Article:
Although this documentary grouped these women together because they are all seen as ‘sad’ in some way, there were many far more compelling similarities between them that were left completely unexplored. Billie Holiday and Maria Callas longed for children. Judy Garland, Maria Callas and Janis Joplin had significant body image issues. Edith Piaf and Billie Holiday had dysfunctional childhoods, exposed to prostitution. Judy Garland and Maria Callas were estranged from their mothers. All of these women had complicated relationships with men and, in the cases of Edith Piaf and Billie Holiday, with women too. At least four of the five abused drugs at some point in their lives, and each of them struggled profoundly with fame. While the documentary acknowledged the majority of these facts, there was absolutely no attempt to discuss the recurring themes and question whether there is anything about the nature of female musical celebrity that makes these similarities and issues more likely to occur. The documentary is arranged chronologically, dealing with each of the women in turn and making no attempt to connect them. Perhaps this is one of the reasons why obvious recurrent themes passed unexplored? My PhD is arranged thematically, and this documentary confirmed for me the advantages of exploring singers in this way.
Queens of Heartache suffered, like so many music documentaries do (especially on the BBC?) with singularly uninteresting ‘talking heads’, Lauren Laverne and Katherine Jenkins being prime examples. The real insight came, unsurprisingly, from those who knew and worked with the subjects. John Levy, a bassist who worked with Billie Holiday, made perhaps the most insightful comment. He explained that it was only after Holiday’s death that she became truly popular, noting that “after you’re dead and gone then you’re the greatest thing that ever happened, but at the time you’re doing it you get a lot of criticism – it’s the system.” Again, this idea went unexplored – how does the image and representation of a musical celebrity change after their death? This would have made for a compelling discussion. Was it only after these women’s premature deaths that they were painted as tragic heroines? Is it easier for the public to embrace a troubled woman after she is dead? How would these women be remembered if they had lived long and happy lives?
The real failure of this documentary, however, was the disservice it did to its subjects. Each of the women it featured are unique and interesting in their own right, and entirely worthy of their own hour-long documentary. By painting them as victims this film did not tell their true stories. Edith Piaf rose from absolute poverty through sheer grit and determination, becoming the voice of the French Resistance. Billie Holiday’s Strange Fruit was released 20 years before the Civil Rights Movement was established, and helped its mobilisation by shining a harsh light on racial inequality in America. Maria Callas achieved her success through relentless training and became an icon because she was expertly media-savvy. Janis Joplin had the courage to sing African-American music in small-town Texas at a time when this was an outrageous prospect for a young white girl, and went on to become a pioneer in a music scene utterly dominated by men. Judy Garland’s daughter, Lorna Luft, stated decisively that her mother was not a victim. She said, “What [Garland] hated was [when] people thought she was this tragic figure. She had tragedies in her life, but she wasn’t tragic. She was funny and gifted.”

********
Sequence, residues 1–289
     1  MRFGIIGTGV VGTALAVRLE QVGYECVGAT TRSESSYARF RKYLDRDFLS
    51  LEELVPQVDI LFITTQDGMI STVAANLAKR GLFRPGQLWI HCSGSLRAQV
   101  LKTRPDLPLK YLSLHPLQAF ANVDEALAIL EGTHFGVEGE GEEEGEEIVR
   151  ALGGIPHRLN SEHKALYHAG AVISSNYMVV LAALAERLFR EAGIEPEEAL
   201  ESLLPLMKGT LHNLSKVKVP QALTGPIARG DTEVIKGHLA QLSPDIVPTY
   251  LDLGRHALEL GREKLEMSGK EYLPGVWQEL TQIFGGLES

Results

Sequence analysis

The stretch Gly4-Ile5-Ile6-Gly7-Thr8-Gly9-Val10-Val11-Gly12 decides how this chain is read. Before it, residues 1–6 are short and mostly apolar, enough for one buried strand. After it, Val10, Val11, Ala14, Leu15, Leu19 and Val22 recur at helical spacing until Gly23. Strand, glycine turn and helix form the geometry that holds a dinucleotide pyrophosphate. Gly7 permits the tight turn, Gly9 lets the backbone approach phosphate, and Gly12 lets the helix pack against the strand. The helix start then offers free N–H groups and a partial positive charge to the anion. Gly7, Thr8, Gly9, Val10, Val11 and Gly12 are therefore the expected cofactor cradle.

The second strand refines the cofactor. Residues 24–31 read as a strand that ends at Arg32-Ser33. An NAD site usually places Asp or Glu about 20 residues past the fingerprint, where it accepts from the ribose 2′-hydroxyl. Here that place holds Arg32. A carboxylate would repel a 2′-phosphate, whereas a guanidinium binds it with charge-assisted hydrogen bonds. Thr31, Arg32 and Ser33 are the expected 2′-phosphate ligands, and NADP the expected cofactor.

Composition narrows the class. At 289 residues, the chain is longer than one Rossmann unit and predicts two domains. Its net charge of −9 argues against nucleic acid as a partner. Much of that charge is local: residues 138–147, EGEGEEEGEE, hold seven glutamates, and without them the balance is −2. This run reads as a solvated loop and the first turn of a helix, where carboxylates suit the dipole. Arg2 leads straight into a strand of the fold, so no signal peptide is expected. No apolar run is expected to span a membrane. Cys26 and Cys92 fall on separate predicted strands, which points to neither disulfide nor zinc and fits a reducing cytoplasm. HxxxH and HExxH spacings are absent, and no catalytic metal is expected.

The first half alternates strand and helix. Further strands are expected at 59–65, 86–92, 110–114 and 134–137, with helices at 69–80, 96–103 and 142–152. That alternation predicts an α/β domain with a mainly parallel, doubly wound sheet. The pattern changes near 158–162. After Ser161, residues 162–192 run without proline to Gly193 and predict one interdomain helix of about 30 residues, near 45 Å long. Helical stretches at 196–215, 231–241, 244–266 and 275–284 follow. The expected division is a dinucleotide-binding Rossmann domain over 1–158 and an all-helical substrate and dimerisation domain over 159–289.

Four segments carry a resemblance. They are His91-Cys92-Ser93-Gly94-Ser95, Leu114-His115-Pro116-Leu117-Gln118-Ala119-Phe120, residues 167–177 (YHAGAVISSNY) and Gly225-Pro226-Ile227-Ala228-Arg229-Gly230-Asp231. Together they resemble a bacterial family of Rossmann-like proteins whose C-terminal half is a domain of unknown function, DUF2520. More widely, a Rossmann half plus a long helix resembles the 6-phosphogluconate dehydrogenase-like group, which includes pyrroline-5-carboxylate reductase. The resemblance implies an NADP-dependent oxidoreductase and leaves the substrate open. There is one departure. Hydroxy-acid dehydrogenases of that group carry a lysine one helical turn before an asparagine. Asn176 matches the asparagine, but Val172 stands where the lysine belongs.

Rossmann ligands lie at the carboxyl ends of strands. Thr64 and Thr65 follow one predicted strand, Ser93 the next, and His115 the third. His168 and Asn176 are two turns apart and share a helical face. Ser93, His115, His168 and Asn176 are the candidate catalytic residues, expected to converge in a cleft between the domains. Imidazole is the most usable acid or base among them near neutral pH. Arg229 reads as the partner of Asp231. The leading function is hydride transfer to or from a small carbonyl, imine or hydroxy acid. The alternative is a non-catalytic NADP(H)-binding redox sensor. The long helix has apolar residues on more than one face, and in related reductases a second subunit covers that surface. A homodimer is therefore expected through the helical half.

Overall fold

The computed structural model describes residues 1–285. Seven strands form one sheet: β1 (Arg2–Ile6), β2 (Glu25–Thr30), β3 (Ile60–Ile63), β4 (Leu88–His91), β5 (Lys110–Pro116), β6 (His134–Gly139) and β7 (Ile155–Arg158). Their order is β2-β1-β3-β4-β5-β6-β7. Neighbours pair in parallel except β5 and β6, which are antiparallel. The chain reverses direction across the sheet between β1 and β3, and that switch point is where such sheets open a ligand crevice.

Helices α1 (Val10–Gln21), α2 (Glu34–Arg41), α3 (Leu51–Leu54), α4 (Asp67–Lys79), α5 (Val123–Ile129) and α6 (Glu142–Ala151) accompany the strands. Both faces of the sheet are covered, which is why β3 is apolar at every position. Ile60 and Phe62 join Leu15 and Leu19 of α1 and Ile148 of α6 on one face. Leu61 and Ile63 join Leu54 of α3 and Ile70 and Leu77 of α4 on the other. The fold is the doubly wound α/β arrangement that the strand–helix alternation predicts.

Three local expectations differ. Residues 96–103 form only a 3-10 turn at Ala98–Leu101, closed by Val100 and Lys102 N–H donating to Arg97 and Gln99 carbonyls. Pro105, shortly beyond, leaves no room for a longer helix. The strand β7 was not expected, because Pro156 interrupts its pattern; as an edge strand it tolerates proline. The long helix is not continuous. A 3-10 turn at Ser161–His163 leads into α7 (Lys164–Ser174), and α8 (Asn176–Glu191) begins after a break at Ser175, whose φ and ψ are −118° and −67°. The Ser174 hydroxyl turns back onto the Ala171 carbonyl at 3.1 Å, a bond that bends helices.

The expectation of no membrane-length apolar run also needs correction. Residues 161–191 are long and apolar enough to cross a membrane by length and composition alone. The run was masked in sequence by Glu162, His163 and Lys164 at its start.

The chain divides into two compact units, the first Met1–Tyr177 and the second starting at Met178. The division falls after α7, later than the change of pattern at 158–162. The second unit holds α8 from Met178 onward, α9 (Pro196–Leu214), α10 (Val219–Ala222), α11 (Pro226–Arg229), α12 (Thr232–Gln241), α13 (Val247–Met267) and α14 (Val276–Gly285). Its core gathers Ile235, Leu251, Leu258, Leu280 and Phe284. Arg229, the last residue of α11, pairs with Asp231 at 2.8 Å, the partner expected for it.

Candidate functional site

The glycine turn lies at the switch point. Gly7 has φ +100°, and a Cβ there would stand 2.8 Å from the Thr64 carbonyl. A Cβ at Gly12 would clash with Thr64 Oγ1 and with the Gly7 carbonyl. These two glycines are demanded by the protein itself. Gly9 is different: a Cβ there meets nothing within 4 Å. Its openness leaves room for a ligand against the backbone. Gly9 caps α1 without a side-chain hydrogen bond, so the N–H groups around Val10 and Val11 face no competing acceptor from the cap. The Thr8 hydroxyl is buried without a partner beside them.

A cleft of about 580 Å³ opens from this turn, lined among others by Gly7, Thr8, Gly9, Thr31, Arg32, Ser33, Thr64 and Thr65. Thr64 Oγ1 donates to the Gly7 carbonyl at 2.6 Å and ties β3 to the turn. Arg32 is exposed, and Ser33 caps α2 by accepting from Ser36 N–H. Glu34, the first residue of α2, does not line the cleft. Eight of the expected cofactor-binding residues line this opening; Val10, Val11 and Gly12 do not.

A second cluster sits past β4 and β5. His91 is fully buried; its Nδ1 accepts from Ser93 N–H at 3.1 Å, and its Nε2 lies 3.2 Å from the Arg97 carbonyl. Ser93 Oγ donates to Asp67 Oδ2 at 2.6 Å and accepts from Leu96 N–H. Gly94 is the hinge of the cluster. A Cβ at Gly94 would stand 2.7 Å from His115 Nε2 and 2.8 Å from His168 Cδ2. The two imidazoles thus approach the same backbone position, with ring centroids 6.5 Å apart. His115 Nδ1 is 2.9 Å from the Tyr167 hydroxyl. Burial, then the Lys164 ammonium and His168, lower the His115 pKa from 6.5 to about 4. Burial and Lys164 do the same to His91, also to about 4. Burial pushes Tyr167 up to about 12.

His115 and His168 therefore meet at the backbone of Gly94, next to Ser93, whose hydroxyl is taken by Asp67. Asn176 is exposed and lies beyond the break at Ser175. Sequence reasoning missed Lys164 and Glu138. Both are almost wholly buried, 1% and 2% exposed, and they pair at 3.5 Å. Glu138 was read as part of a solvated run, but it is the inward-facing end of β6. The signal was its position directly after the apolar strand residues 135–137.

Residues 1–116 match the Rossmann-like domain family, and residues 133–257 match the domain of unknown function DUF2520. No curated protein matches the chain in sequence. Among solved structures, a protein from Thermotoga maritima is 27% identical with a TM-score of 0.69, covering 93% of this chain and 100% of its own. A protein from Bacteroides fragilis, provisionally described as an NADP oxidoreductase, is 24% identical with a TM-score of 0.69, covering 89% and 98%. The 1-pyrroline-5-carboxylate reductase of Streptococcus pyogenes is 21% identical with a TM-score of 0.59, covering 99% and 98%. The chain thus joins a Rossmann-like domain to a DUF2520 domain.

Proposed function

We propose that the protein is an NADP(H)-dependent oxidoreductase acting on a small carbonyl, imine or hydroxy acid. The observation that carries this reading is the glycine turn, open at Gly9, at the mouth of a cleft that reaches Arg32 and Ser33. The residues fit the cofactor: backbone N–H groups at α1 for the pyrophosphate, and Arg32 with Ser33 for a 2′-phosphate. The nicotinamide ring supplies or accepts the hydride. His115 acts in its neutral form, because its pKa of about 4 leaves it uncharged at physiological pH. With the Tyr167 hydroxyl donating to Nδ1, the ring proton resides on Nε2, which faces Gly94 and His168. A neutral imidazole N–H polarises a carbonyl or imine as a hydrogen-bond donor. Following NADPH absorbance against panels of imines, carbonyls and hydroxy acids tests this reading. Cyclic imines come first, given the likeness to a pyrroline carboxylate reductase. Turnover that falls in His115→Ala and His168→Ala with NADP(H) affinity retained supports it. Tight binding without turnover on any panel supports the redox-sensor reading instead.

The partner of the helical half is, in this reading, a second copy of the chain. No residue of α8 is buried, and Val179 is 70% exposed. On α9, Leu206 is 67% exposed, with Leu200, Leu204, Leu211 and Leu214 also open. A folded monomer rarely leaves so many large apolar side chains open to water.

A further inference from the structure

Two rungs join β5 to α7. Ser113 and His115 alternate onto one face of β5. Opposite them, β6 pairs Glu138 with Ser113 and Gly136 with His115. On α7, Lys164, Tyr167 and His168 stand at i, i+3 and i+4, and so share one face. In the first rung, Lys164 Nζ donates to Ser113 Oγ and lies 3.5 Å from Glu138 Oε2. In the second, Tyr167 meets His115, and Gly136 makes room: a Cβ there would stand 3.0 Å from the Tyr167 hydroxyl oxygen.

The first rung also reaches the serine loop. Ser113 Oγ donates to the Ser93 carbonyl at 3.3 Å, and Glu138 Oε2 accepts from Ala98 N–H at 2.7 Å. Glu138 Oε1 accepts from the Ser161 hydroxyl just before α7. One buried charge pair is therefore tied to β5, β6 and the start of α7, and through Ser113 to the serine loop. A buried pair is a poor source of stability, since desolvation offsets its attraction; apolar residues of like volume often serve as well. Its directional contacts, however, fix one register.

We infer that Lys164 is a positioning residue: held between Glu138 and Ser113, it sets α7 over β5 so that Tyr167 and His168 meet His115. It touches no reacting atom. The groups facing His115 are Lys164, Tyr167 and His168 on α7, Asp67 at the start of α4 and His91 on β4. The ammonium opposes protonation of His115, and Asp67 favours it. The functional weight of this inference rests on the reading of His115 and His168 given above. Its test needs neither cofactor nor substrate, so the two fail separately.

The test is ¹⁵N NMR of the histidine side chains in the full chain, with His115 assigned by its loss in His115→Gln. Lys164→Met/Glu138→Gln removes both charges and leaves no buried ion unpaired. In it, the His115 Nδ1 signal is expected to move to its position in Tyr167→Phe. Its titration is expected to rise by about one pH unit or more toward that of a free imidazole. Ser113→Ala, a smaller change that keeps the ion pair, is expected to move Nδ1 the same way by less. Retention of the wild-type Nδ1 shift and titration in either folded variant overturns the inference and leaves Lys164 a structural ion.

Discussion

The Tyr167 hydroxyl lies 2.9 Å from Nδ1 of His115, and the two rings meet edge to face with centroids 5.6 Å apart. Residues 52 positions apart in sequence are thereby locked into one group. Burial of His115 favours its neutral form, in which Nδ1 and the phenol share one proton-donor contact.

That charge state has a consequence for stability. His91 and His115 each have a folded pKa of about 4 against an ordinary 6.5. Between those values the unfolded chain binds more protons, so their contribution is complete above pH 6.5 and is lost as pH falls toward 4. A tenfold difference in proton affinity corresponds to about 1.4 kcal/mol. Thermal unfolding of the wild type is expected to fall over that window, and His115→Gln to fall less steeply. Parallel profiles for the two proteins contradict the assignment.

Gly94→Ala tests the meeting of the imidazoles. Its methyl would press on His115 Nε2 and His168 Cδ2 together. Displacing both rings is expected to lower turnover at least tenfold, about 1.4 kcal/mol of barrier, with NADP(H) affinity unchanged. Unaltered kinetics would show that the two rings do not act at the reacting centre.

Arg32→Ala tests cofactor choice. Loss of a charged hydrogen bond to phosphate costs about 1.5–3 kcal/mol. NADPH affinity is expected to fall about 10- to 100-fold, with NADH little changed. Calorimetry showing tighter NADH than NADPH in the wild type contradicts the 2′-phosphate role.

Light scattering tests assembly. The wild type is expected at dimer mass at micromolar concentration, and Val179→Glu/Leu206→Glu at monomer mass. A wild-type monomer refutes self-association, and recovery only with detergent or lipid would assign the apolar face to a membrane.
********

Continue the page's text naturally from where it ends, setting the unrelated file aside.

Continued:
While tragedy may have touched these women, it did not and should not define them. They were talented, original, hard-working and courageous women who we should not be tempted to label and talk about in a reductive way. We should recognise their achievements and individuality, instead of merely grouping them together simply because they are all women. I would love to see documentaries about each of these women that give them the attention and recognition they deserve – because they do deserve it.